Of course, teachers want their students to enjoy everything they do in the classroom. But according to a thoughtful post, “Why Realistic Classroom Expectations Are Important” that middle school teacher Brent Modak wrote for the Asset Education blog, expecting every student to love every lesson is counterproductive. Read more
“Some 300,000 public-school teachers and other staff left the field between February 2020 and May 2022, a nearly 3% drop in that workforce, according to Bureau of Labor Statistics data. Worn down by the challenges of teaching through the past few years, more educators say they are considering doing the same: A National Education Association poll conducted this year found 55% of teachers said they would leave education sooner than planned, up from 37% last August.”
- “School’s Out for Summer and Many Teachers Are Calling It Quits” by Kathryn Dill, The Wall Street Journal, June 20, 2022
National Black History Month is observed this February across the United States. How will you be celebrating in your classroom? What lessons and experiences will you offer your students?
Like many teachers, chances are you will profile and study notable African-Americans from the past. There are so many, of course, that it can be hard to decide whom to choose. Should you have your students learn more about Rosa Parks, Jackie Robinson, Dr. Martin Luther King, John Lewis? Who, exactly? Read more
Black History Month is an opportunity to remind all Americans of the important role Black teachers have played in empowering communities politically and socially. But today, it is particularly critical to convince more African Americans to join the profession. The U.S. faces a looming teacher crisis and: Read more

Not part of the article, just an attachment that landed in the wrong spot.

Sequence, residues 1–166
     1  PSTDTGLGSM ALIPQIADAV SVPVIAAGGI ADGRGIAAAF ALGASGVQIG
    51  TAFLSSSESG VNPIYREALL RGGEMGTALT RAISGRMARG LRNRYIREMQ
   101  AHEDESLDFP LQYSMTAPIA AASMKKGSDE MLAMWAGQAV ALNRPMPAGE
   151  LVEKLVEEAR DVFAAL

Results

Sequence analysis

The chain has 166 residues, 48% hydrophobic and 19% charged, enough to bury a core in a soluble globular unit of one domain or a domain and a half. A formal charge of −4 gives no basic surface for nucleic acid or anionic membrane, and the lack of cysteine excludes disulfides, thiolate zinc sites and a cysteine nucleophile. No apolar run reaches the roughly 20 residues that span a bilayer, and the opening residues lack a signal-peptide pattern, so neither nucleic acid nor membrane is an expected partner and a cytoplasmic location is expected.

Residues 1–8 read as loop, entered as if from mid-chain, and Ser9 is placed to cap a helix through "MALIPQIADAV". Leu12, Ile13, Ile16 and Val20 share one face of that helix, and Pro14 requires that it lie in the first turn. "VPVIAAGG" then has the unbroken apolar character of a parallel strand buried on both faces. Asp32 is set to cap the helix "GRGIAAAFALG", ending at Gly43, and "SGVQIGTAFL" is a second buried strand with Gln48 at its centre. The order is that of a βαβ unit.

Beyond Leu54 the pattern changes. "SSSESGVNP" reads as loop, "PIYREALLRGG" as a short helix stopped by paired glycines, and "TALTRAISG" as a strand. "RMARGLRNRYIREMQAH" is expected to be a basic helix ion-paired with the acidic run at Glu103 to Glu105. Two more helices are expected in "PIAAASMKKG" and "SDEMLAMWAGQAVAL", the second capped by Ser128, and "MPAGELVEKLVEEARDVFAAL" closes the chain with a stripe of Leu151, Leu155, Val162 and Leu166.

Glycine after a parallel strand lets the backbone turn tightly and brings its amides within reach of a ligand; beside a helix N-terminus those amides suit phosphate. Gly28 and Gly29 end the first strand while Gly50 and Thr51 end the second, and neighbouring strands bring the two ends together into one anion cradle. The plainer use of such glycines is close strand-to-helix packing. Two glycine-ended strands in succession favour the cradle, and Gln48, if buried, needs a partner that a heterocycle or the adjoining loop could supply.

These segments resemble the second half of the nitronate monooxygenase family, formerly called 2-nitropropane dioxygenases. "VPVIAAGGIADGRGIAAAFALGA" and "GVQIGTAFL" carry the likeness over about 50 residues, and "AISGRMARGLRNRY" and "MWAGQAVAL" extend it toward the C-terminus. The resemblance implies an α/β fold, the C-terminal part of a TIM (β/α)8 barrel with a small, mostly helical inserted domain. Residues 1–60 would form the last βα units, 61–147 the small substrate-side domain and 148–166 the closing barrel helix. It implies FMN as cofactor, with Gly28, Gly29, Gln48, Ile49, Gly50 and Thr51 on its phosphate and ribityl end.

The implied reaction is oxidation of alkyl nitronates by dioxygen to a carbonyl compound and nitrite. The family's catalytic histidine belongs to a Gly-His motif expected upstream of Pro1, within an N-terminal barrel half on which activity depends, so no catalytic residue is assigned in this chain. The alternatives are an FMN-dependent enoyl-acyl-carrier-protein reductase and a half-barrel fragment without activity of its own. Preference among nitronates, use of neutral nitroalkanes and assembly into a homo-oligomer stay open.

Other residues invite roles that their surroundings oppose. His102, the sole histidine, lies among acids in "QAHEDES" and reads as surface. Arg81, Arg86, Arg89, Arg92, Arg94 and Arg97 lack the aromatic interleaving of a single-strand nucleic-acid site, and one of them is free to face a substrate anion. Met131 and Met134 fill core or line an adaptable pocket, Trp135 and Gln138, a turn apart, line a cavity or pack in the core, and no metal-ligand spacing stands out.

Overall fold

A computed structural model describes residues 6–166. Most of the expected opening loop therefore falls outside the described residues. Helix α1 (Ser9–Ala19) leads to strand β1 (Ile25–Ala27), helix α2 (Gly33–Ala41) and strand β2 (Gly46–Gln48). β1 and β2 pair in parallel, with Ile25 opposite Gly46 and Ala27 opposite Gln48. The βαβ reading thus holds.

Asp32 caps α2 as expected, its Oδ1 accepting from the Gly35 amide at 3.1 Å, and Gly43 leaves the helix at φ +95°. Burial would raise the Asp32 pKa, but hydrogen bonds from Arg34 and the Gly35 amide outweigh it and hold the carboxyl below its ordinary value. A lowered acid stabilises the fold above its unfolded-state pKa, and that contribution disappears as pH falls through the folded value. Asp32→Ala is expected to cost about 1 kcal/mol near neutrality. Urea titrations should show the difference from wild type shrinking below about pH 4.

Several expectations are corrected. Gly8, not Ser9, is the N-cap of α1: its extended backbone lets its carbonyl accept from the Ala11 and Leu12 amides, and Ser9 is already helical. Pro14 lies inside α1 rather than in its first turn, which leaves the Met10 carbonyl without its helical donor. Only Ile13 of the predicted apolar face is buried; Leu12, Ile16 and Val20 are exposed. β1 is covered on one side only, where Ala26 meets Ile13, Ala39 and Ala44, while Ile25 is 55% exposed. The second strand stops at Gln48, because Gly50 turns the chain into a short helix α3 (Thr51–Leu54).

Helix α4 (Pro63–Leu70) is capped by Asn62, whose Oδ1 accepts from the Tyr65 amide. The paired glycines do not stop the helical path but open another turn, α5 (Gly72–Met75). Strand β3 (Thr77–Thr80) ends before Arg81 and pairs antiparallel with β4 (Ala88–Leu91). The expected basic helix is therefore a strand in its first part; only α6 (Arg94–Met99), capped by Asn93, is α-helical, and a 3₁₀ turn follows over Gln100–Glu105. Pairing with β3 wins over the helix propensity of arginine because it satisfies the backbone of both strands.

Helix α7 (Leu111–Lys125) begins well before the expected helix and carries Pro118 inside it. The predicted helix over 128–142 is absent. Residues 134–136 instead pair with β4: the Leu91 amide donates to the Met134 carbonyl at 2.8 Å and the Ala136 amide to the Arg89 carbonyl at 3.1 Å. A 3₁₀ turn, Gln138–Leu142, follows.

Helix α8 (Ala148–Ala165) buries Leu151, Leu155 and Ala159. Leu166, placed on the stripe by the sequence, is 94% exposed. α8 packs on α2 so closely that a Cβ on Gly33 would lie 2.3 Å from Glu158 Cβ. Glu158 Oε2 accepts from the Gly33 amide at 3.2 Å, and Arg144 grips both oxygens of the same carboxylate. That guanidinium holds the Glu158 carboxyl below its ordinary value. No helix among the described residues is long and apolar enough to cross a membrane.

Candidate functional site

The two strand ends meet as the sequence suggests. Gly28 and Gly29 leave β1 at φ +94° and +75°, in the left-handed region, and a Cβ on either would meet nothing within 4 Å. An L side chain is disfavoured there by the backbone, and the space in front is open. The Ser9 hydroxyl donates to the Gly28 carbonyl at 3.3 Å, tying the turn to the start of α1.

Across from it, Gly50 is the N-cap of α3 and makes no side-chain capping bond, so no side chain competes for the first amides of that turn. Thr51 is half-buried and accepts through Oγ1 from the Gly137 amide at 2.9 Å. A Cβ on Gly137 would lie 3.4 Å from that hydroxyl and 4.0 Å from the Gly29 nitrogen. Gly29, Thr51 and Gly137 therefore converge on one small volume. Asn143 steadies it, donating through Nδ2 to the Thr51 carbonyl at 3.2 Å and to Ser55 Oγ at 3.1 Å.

What do schools need to do to keep students healthy during the future phases of the Covid-19 pandemic?
We recently found a list of recommendations from healthychildren.org. We like it because it covers both the well-known measures that schools should take, and also less-than-obvious steps that are easy to overlook. We recommend that you take a few minutes to review this list.
Here are some highlights. Read more
Teachers and educators, how are you doing psychologically as year 2022 begins?
It’s a difficult period. As one teacher we know recently observed, “I was ready to be all done with the pandemic. I was ready for December 2021 to be the end of an extremely difficult period. I was expecting the mood in my classroom to suddenly become sunny and bright. I thought we would all breathe a collective sign of relief. But no, we just have to take a deep breath, find some new psychological sources of strength, and keep dealing with all kinds of difficulties. Enough already.” Read more
“Study: Lessons of COVID-19 underscore need for better teacher support,” an article that Barri Bronston of Tulane University published in Phys.org on November 21, 2021, notes that not only students have suffered from the pandemic. Teachers too have been chronically under-supported by their school systems. Read more
Brooke Kupcho is a student counselor in Helena Montana. In a recent video with the Student Research Foundation, she shared her insights on the process of helping students develop the self-efficacy that leads to better career choices.
You will want to watch the entire video. Here are some edited portions of what Brooke had to say.
Video to Watch . . .
We recently spoke with high school math teacher Esther Brunat about the critical role that math can play in preparing students for success.
Ms. Brunat, who teaches high school math, algebra II, and trigonometry in Texas, is impassioned about the role that math studies play in equipping her students for a variety of critically important careers that will help the world.
Daina Petronis, who teaches high school English in Toronto, recently offered some insightful observations on how student attitudes can affect their readiness to make good career decisions and lead better lives.